A Mixed Girl Weighs in on the Fetishizing of Mixed Girls


“Í want to have mixed babies.” “My child cannot have dark skin.” “Mixed girls have that good hair.” It’s statements like these that plaster our Tumblr dashboards, are retweeted by thousands and thought about by millions. The spectrum of what “mixed girls” can look like is rather wide because let’s face it – everyone doesn’t look like their race. Personally I don’t believe characteristics determine ones race but when you think about it people rely on appearance to classify others based on their race, sex, religion, etc. When I say mixed, I don’t just mean of Black and White decent. There are many other races that can classify someone as being of mixed races but for the sake of speaking about the dehumanization of darker features and colorism I will be focusing my angles on the glamorizing of girls with lighter features.

I must say that in no way is this post downplaying the looks of one because that would defeat the purpose of this post. What I want to do is shine a light on colorism and the effects it has on the one being fetishist and the one being dehumanized. Tauri, a biracial girl who is in fact Black and White said, “Having light skin is a privilege in the Black community so although we experience discomfort and fetishization, darker skinned-people/girls are the ones who are most negatively affected by it.” She goes on to say, "Now, as a fair skinned, biracial person, I would say the impacts of colorism are a major challenge in my life. But at the end of the day it is nothing in comparison of the degradation of darker skinned women. My skin, hair, and other features are glorified while they continue to be threatened and dehumanized for theirs. When jokes are made about my skin, the punchline is that I don't text back. I can deal with that. What I won't tolerate however are jokes in which dark skinned women are compared to animals and made a mockery of." Being biracial goes beyond having bouncy curls and cream-colored skin. Many people suffer backlash for not being 100% one race. Many even face identity confusion. As Tauri puts it, "Growing up I was constantly going back and forth between cultures trying to figure out which side I was supposed to be on. It wasn't until way later in my life that I realized I don't have to be one or the other. I am an imperfect combination of both and that's okay."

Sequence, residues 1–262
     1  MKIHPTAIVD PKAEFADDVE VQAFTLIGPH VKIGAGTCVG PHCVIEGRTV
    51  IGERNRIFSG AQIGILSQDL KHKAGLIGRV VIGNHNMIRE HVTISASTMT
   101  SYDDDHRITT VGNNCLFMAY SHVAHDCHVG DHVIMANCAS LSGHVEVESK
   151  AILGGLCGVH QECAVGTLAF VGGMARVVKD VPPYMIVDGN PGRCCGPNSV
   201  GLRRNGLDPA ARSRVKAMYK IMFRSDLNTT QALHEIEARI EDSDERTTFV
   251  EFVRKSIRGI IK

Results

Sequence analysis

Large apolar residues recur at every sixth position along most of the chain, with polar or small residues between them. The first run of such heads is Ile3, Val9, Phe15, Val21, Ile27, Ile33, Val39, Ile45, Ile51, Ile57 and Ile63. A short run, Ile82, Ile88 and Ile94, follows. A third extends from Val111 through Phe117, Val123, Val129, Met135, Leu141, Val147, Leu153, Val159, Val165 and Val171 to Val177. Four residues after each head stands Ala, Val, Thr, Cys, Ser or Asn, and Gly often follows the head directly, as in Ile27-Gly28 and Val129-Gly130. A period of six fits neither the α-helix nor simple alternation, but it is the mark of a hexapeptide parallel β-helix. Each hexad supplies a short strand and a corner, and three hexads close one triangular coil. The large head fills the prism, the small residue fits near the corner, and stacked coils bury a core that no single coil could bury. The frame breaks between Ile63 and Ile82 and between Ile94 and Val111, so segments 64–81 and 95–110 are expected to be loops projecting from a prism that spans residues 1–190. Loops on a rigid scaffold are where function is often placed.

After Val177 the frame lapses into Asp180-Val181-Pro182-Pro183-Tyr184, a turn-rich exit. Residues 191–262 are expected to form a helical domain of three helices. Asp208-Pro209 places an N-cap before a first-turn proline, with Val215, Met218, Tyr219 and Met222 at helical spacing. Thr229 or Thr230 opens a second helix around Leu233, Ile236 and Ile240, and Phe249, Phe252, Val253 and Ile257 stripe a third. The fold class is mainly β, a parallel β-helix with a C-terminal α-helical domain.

It’s one thing for people to have a type (Read This:The Difference Between Racism & Preference) and be more attracted to certain features but I find it creepy and weird when I see people reposting photos of little children with curly hair and tan skin with captions like, “ She’s lucky she’s a child.” “If my baby doesn’t look like this – I’m killing myself.” Bruh, you sound like a pedophile – It’s freaking weird. Fact of the matter is, colorism is discrimination and if you are already part of a marginalized group you should understand that holding mixed people to a higher standard because of their physical appearance goes back to the days of slavery. The children of slaves who were raped by their owners received better treatment – working in the house and even receiving things that were illegal for Blacks like education. This twisted systematic belief gives everyone else the power but us and the simple fact that some of you carry it on says a lot about how you think about yourself and others. 

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